Difference between revisions of "User:Richard E. Hartman:Courses:Learning and Memory"

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(CLASS 5 (detailed))
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******* amygdala - displayed no impairment (performed at control levels)
******* amygdala - displayed no impairment (performed at control levels)
* removal of the hippocampus soon after birth in rats results in a loss of spatial abilities through adulthood
* removal of the hippocampus soon after birth in rats results in a loss of spatial abilities through adulthood
** this suggests that there is no backup (redundant) system for this type of information processing
** this suggests that there is no backup (redundant) system for this type of information processing
* spatial learning requires only a small portion of functional tissue in the dorsal hippocampus
* spatial learning requires only a small portion of functional tissue in the dorsal hippocampus
===CLASS 6===
===CLASS 6===

Revision as of 14:12, 9 November 2009

Hartman lab banner rat.jpg

LLU PSYC 544: Foundations of Learning and Behavior


Autumn 2009 - 4 credits

  • Mondays and Wednesdays from 1:30-3:20 in CDR 201 (syllabus)


Course description

This class will introduce the major theories, methods, and applications in the science of learning, including simple stimulus learning, complex associative learning, and memory storage/retrieval, with a special emphasis on the biological basis of learning and memory.


  1. ISBN:019514175X [Eichenbaum]


Recommended readings

Be prepared for graduate school.


There will be 3 exams (worth 100 points each) with questions drawn from both the reading assignments and classroom discussions. For each test, the class average will be determined and adjusted to at least 70% (C). For example, if the class average is 65%, 5% will be added to all grades to bring the average up to 70%. Note that the average will never be adjusted down. Also, note that it is possible to end up with a score of higher than 100%. There will be no make-ups after test day. If a test is missed, you will receive a score of 0 for that test. However, there will be an optional comprehensive final exam. Your 3 highest test scores will be used to calculate your grade. Therefore, taking the final exam can only help your grade. Additionally, each student will write a paper on a topic of interest and present a talk on that topic (50 points paper / 5 points talk - details to be presented in class). Finally, 20 points will be assigned for classroom participation (attendance, discourse, not sleeping, etc – especially during the student presentations).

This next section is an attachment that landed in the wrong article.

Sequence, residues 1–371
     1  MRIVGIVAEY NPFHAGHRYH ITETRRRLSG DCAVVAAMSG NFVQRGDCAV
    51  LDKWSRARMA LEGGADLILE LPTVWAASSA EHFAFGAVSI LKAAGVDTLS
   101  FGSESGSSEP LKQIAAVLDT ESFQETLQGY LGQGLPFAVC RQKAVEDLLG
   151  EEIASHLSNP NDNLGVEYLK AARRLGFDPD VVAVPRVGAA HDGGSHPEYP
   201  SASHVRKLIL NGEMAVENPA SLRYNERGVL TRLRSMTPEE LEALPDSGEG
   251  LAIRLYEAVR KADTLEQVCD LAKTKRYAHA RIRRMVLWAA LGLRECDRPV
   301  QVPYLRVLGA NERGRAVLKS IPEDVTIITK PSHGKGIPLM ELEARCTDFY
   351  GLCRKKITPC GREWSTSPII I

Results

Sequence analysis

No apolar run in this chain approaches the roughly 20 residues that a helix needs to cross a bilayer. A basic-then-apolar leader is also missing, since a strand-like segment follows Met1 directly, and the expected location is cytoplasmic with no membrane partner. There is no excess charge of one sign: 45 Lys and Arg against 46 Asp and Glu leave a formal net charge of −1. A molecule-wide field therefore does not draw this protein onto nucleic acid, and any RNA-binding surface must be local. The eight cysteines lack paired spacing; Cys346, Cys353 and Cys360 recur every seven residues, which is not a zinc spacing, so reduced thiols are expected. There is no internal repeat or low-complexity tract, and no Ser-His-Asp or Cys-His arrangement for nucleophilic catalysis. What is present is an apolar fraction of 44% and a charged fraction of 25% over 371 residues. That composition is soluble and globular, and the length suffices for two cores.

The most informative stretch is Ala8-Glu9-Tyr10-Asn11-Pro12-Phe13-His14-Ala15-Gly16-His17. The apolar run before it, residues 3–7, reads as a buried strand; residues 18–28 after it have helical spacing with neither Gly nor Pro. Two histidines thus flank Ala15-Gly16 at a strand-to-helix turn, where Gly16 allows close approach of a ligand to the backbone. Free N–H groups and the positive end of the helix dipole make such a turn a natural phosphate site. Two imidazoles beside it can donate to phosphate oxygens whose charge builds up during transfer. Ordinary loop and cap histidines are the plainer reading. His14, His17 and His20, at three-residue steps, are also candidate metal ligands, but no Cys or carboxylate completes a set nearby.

Grading Scale

  • 378-420 90% A
  • 336-377 80% B
  • 294-335 70% C
  • 252-293 60% D
  • 0-251 ouch F

Study guide ("stuff that may be on the test")



  • definitions of "learning" and "memory”
  • relationship between learning and memory
  • biological basis
  • evidence of learning
  • behaviors that may appear to be "learning"
    • Tolman and Honzick (1930) latent learning
  • methods of studying learning / memory
    • behavioral
    • cognitive
    • neuropsychological
  • orienting response
  • habituation / sensitization
    • parametric features of habituation
  • classical (Pavlovian) conditioning
    • associative learning
    • predicting / measuring the relationship between stimuli
      • Rescorla-Wagner model
    • critical features of a classical conditioning experiment
      • CS
      • US
    • extinction
    • spontaneous recovery
    • generalization
    • discrimination
    • the role of contiguity
    • phobias
  • operant / intrumental conditioning
    • associative nature
    • Thorndike and "instrumental" learning
      • law of effect
    • stimulus-response learning
    • Skinner and "operant" learning
    • reinforcers
      • theories of reinforcement
      • brain centers important for "reward"
      • Premack principle
      • biofeedback
      • positive vs. negative reinforcers
      • primary vs. secondary reinforcers
    • punishers
      • positive vs. negative punishment
    • reinforcement schedules
      • continuous / partial
      • interval / ratio
      • interval / fixed
    • shaping
      • chaining
  • similarities and differences between classical and operant conditioning


  • crash course in neurophysiology and neuroplasticity
    • neurotransmitters
    • synaptic relationships between neurons
    • polarized nature of cell membrane
    • post-synaptic potentials
      • excitatory
      • inhibitory
      • characteristics of the post-synaptic potential
      • axonal / dendritic relationships
      • role of the axon hillock
        • ion channels at the hillock
      • action potential characteristics
        • result of an action potential